Yahoo Users Stumble Over Yamanner
"The problem is the end users may not realize their computer is affected," said iDefense Senior Engineer Ken Dunham. "Who would have thought you could get a virus just browsing the Internet? It violates the trust that people have for the basic use of the Internet and causes them to feel they are helpless to stop it."
Yahoo's Web-based e-mail service is the latest target of a malicious attack. A new worm, dubbed Yamanner, has set out to collect addresses from a spam database, Symantec warned Monday.
Yamanner exploits a vulnerability in Yahoo's Web-based e-mail program. It spreads itself to the user's Yahoo e-mail contacts when the user opens an e-mail infected by the worm -- opening a downloadable file is not required to execute this attack. Symantec rates the worm as a level 2 threat on a scale of 1 to 5, with 5 being the most severe.
Making matters worse, the worm also sends these e-mail addresses to a remote server on the Internet. The good news is only people with an e-mail address that is on yahoo.com or yahoogroups.com may be impacted by this worm.
Recognizing the ThreatThe malicious message will have a "From" address of firstname.lastname@example.org and a "Subject" of "New Graphic Site." Yamanner won't execute on the newest Yahoo Mail Beta.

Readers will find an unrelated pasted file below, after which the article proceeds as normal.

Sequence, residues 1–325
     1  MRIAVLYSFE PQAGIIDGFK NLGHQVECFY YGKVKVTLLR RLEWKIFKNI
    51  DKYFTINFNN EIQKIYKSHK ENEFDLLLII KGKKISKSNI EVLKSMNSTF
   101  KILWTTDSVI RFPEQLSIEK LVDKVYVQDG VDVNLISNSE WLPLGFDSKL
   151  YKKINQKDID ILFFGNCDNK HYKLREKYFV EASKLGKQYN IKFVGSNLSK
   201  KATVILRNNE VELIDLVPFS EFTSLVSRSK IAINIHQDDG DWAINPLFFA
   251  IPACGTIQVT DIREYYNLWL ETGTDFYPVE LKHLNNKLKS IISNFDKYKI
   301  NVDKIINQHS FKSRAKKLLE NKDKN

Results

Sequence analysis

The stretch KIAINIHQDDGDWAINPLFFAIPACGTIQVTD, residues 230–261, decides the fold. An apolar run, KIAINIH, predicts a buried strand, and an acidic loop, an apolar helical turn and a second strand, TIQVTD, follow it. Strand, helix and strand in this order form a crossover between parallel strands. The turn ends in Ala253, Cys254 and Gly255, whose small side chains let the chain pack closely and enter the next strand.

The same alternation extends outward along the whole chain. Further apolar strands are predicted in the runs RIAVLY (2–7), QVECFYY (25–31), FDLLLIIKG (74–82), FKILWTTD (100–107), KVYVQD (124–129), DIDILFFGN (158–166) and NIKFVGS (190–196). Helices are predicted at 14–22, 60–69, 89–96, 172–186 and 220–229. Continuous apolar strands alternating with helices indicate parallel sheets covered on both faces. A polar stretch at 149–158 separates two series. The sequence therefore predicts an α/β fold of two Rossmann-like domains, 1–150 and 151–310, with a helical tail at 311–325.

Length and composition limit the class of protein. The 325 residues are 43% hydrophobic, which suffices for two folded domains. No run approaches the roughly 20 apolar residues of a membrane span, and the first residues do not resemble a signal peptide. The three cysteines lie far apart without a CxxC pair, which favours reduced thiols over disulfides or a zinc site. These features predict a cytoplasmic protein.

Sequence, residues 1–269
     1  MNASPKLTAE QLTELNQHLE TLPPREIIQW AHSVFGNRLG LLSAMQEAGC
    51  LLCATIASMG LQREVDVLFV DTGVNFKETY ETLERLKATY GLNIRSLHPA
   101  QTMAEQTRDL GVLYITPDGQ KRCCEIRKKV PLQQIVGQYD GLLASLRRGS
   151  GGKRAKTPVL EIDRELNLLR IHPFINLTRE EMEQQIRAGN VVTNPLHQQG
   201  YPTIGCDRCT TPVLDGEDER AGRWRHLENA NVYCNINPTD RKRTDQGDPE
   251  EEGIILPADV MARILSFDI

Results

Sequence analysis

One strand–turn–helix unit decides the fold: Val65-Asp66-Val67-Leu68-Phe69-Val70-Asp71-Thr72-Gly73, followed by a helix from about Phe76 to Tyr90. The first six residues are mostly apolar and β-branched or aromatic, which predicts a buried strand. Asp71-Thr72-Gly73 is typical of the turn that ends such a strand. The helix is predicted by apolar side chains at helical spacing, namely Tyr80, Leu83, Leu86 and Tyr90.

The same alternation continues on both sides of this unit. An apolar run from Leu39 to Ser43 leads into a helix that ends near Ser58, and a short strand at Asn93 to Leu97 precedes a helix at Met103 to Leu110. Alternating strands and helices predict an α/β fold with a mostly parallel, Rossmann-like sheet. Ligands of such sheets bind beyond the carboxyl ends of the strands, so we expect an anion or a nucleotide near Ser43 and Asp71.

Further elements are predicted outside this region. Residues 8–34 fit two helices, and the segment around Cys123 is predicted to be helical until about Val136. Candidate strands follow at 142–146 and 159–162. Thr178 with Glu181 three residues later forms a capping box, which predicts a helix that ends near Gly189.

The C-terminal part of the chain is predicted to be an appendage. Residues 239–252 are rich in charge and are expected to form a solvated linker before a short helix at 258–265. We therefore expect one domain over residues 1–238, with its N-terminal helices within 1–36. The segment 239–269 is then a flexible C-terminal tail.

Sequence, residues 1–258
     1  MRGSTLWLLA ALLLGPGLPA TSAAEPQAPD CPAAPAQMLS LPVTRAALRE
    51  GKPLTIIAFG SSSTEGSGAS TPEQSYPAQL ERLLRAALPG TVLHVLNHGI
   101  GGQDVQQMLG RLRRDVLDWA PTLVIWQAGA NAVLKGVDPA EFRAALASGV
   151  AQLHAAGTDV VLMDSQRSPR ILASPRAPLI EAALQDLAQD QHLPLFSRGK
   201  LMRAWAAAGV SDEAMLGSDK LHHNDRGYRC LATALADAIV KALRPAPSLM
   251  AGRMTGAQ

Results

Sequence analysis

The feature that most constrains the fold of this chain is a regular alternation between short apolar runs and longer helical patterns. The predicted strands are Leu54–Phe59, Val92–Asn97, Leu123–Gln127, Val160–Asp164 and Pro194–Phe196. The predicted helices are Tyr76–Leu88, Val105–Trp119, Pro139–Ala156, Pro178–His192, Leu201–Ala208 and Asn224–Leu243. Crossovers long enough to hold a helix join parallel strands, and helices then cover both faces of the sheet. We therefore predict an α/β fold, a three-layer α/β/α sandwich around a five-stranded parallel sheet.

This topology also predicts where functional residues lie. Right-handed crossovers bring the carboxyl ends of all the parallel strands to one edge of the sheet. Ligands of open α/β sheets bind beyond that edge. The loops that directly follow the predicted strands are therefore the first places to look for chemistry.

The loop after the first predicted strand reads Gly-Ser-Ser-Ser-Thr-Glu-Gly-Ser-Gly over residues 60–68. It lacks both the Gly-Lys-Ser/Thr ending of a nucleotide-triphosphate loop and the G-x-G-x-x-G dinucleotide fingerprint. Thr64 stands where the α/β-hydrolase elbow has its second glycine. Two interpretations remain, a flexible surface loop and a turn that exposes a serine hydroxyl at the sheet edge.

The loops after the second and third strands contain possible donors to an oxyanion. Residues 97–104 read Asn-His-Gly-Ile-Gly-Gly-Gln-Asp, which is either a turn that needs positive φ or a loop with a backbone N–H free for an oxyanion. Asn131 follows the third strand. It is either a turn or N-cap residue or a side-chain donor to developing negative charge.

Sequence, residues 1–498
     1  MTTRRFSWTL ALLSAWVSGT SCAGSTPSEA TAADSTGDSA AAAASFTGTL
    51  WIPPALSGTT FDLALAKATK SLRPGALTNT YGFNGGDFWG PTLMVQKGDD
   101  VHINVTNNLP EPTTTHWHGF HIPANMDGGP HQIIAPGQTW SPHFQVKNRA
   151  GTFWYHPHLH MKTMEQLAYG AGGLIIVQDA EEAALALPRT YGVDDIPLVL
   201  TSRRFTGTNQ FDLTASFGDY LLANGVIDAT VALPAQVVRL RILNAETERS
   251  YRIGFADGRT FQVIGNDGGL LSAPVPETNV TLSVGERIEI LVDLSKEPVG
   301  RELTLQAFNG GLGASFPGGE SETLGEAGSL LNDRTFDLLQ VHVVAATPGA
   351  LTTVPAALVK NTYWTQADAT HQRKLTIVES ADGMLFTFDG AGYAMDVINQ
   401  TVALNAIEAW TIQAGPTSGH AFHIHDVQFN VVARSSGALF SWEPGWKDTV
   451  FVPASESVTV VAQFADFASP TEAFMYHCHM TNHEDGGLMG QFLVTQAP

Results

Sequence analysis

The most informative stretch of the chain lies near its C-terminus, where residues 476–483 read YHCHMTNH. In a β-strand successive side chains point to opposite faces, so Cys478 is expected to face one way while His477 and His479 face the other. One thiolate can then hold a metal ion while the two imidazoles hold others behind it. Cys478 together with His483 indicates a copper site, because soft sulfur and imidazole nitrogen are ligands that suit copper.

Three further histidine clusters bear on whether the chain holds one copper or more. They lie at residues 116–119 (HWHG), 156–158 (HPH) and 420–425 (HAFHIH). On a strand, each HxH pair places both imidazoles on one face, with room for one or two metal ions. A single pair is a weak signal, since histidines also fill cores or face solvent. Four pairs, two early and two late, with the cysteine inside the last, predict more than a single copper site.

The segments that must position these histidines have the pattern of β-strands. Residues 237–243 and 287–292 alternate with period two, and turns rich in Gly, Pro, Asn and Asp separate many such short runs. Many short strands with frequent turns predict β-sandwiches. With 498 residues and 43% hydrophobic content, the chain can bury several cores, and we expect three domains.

"Harvested addresses from the address book are then submitted to a remote URL, which is likely to be used for a spam database," Symantec said in its alert.
"We have taken steps to resolve the issue and protect our users from further attacks of this worm," Yahoo spokesperson Kelley Podboy said.
"When we learn of e-mail abuse, such as a worm or other online threat, we take appropriate action," she said. "[A] solution has been automatically distributed to all Yahoo Mail customers, and requires no additional action on the part of the user."
A Notable Worm
Yamanner is a notable new threat, according to iDefense Senior Engineer Ken Dunham, because it is fairly easy to exploit. Users don't have to download a file or click on a link. Just opening the file causes infection.
"This worm has a larger scope that originally was thought. It may impact other Web e-mail services as well," Dunham told TechNewsWorld. "This worm required a lot of testing to successfully attack users of Web-based e-mail services. These attacks are getting more sophisticated."
Indeed, Yamanner also marks a troubling trend among hacker tactics: keeping the installation of malicious code transparent. Today's hackers are able to readily conceal that malicious activity is taking place behind the scenes when you open e-mail or browse the Web.
"The problem is the end users may not realize their computer is affected. Who would have thought you could get a virus just browsing the Internet?" Dunham asked. "It violates the trust that people have for the basic use of the Internet and causes them to feel they are helpless to stop it."
Dunham said it's up to Yahoo and others to find a way to defend customers against these types of attacks. To Yahoo's credit, it appears the search giant has fixed the Yamanner issue, but analysts expect escalated attacks of all sorts in 2006 and beyond.